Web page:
Oh they are great, they're great! That is one of my favorite groups of people. The whole cast is so heavily female based which is new for me, I tend to actually work on shows that are the opposite, that tend to have more men, so that was a new experience for me. I was a little bit nervous about it because women can sometimes be difficult, especially in large groups (laughs). I thought that could be a challenge and it was absolutely not! It is a lovely sisterhood of people and some of my dearest friends are from that show. Lizzie is just so wonderful, sweet and giving, she's a really giving person and team partner .
Aside from your incredible castmates, who are your role models?
Meryl Streep is my role model!
That was an easy answer!
It's an easy answer because it will always be my answer!
You previously acted in the award winning Netflix series The Kominsky Method alongside Michael Douglas and Alan Arkin, what wisdom did you learn from working with such established actors?
I think one of the things that was most remarkable working with them was how humble they are and how grateful they are to be a part of the show. I think that was really inspiring to watch because they are these legends and they can do any project that they choose. They were so happy and honored to get to work on that show, it was a privilege for them. I think that humbleness and gratefulness is something I really took away from both of them.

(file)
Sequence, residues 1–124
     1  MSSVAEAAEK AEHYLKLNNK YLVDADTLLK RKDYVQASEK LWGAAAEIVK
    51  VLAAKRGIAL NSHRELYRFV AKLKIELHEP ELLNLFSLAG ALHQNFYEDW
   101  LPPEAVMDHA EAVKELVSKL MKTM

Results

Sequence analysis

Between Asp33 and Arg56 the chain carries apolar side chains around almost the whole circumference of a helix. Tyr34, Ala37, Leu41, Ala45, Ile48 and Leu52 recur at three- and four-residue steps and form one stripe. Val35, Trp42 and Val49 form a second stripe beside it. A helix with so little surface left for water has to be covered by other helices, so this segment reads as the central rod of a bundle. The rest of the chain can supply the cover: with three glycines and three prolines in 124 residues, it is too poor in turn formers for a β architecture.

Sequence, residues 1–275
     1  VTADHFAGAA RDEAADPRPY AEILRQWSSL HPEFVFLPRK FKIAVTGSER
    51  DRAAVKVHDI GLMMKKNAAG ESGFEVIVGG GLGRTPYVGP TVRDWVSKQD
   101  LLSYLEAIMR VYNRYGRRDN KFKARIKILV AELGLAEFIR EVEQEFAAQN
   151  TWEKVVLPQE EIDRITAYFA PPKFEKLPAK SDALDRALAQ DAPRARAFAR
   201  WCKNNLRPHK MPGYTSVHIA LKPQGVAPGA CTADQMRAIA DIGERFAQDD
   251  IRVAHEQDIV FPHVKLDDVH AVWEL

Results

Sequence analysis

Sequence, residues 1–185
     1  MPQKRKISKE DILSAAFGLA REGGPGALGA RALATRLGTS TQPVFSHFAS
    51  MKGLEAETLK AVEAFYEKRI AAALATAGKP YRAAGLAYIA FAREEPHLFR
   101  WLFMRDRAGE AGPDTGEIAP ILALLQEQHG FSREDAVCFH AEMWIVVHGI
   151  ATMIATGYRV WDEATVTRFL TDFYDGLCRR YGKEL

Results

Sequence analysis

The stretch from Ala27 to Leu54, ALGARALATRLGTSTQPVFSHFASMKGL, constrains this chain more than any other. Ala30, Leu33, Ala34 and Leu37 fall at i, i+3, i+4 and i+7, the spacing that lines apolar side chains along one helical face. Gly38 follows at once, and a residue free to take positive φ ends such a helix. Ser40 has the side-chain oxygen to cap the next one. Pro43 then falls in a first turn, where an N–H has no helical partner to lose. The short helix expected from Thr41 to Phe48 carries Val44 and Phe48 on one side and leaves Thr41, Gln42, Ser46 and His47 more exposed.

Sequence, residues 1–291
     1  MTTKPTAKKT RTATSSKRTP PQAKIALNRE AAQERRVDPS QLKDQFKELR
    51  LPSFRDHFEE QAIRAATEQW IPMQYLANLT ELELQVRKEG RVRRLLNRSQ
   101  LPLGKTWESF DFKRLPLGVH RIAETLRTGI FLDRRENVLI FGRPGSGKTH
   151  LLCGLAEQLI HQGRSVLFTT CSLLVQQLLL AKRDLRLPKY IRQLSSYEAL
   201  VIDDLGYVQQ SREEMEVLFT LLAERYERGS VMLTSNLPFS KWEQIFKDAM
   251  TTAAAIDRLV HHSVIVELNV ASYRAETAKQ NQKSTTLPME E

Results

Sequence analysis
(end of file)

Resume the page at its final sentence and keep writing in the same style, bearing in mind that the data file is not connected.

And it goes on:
You have also been filming the Gillian Flynn drama, Utopia in Chicago, what is it like filming in your hometown?
What's interesting is it’s really fun and it also makes me realize there are so many things that I don't know about Chicago, even though I grew up there. Sometimes we film on locations and I know the neighborhoods that we’re filming in but there are these beautiful landmarks I’ve never seen before. We were filming in one location and there was this gorgeous architecturally beautiful two story school that I've never even heard of. So it's really fun to rediscover my home.
Working on a multitude of different projects in a short amount of time, how do you separate out each character from one another?
I think it's just getting into the world that the character is in. One of the easiest things, at least in recent times, is that a lot of the characters are so different from each other. Ofmathew is fundamentally different from every other character that I've played. The character of Becky on Utopia is a little bit closer to who I am, but she is still obviously a different human being and relates to the world in ways that I don't. She's a lot more passive than I am. It's just that they are all so different.
What should we expect next from you?
We’re still currently filming Utopia and will be for the next couple of months so that’s my primary focus right now. I hope that people will be excited to watch the rest of The Handmaid's Tale, and my new projects that are going to come out (The Komisky Method & Utopia) as well. I am just very lucky!